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From "Quare" to "Kweer": Towards a Queer Asian American Critique

dc.contributor.advisorKing, Katie R.en_US
dc.contributor.authorSapinoso, J. Valero (JV)en_US
dc.date.accessioned2009-10-06T06:12:36Z
dc.date.available2009-10-06T06:12:36Z
dc.date.issued2009en_US
dc.identifier.urihttp://hdl.handle.net/1903/9567
dc.description.abstractIt is insufficient to think of multiple dimensions of difference in merely some additive fashion--what is needed is a fundamentally different approach. E. Patrick Johnson and Roderick A. Ferguson, respectively, offer such approaches as well as inspiration for this dissertation. More specifically, they posit interventions into queer theorizing and queer studies that attempt to disrupt the (over-)emphasis on whiteness and instead turn the focus to racialized subjectivities. The centrality of African American racial formations in their queer of color critique, however, must be taken into account. Given the vastly different histories between African American and Asian American racial formations, including, but not limited to the ways in which these racial groups have historically been pitted against one another (for the betterment of privileged whites), it is especially important that we consider how the specificities of Asian American subjects and subjectivities might account for distinct queer of color critiques. At the heart of my dissertation is the movement towards a queer Asian American critique, or "kweer studies," that directs attention to nationality and national belonging as a way of expanding beyond the black/white binary which currently predominates. In particular, the key components of nationality and national belonging for queer Asian American subjects and subjectivities that my study foregrounds are cultural, political, and legal citizenship. To this end my dissertation asks, what is needed to imagine and entrench understandings of queer Asian American subjects and subjectivities that are not rendered as alien, always already foreign, or simply invisible within discourses of cultural, political, and legal citizenship? Specifically, through participant observation, critical legal theory, and textual analysis I investigate kinging culture and discourses of U.S. immigration, revealing limits of existing formations that, respectively, have naturalized blackness as the sole focus of queer of color critique, and have narrowly sought queer immigration through seeking asylum and recognition of same-sex partnerships for family reunification, in order to posit a queer of color critique that helps imagine and create more expansive formations and better accounts for the material existence of a fuller range of queer bodies of various colors.en_US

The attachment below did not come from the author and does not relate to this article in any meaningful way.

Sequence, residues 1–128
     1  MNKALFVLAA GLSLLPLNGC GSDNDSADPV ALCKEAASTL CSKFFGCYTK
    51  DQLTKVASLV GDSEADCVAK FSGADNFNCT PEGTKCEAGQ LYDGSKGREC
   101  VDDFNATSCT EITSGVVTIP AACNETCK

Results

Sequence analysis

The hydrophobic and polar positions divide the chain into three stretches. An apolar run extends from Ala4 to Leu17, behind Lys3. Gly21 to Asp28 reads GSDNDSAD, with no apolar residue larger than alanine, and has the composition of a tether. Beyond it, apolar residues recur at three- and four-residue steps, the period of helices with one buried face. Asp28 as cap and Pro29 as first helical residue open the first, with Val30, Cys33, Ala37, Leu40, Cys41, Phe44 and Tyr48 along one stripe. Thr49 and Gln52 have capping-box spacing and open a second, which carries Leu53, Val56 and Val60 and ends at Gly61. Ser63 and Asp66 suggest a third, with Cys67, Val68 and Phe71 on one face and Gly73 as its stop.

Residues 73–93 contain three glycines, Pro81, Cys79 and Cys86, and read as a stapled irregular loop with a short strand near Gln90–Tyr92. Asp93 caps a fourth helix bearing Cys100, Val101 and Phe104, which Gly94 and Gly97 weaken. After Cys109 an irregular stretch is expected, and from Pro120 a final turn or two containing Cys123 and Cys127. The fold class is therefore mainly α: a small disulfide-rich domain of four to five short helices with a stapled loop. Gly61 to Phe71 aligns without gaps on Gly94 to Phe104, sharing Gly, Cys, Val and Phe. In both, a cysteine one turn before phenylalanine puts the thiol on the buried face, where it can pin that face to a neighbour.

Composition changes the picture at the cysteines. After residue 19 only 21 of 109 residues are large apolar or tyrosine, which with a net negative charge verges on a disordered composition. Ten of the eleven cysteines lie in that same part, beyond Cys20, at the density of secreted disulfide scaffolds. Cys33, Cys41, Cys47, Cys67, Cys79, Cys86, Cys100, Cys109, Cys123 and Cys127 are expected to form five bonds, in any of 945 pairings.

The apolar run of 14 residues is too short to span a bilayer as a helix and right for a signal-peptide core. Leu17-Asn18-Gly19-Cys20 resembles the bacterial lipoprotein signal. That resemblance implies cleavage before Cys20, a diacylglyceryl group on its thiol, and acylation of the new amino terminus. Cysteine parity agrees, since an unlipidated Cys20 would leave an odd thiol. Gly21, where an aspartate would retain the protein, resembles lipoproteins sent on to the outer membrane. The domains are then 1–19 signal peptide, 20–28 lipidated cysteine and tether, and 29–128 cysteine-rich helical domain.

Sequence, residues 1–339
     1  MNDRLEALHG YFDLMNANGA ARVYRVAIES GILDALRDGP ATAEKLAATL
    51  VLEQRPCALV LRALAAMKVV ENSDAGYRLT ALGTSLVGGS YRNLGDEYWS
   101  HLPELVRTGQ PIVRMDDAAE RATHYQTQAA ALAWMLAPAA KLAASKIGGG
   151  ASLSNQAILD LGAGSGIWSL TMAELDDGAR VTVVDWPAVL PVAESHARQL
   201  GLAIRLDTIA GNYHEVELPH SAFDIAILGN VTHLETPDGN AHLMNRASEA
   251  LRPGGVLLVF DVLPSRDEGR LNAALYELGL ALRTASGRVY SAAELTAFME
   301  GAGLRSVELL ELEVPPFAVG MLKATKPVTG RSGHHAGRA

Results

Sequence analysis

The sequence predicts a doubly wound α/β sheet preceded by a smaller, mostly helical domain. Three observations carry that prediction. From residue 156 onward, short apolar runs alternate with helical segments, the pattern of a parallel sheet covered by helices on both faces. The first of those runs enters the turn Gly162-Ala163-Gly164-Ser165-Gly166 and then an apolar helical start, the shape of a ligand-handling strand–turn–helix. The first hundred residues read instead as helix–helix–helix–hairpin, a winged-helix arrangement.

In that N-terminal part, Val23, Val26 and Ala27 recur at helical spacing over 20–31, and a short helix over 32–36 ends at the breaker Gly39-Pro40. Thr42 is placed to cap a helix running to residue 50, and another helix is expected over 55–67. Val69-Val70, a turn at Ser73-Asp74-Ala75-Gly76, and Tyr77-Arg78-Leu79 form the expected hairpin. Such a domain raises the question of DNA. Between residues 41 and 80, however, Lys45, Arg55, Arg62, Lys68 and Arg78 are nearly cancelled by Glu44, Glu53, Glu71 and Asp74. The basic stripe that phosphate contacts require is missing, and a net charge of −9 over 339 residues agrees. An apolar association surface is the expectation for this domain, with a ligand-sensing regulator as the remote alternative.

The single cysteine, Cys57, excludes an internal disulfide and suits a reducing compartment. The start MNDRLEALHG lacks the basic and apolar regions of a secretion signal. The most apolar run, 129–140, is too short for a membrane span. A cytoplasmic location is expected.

dc.format.extent1144657 bytes
dc.format.mimetypeapplication/pdf
dc.language.isoen_US
dc.titleFrom "Quare" to "Kweer": Towards a Queer Asian American Critiqueen_US
dc.typeDissertationen_US
dc.contributor.publisherDigital Repository at the University of Marylanden_US
dc.contributor.publisherUniversity of Maryland (College Park, Md.)en_US
dc.contributor.departmentWomen's Studiesen_US
dc.subject.pqcontrolledWomen's Studiesen_US
dc.subject.pqcontrolledGender Studiesen_US
dc.subject.pqcontrolledSociology, Ethnic and Racial Studiesen_US
dc.subject.pquncontrolledAsian Americanen_US
dc.subject.pquncontrolledDrag Kingen_US
dc.subject.pquncontrolledImmigrationen_US
dc.subject.pquncontrolledNationality and National Belongingen_US
dc.subject.pquncontrolledQueer of Color Critiqueen_US
dc.subject.pquncontrolledRaceen_US
dc.subject.pquncontrolledSexualityen_US
dc.subject.pquncontrolledand Citizenshipen_US


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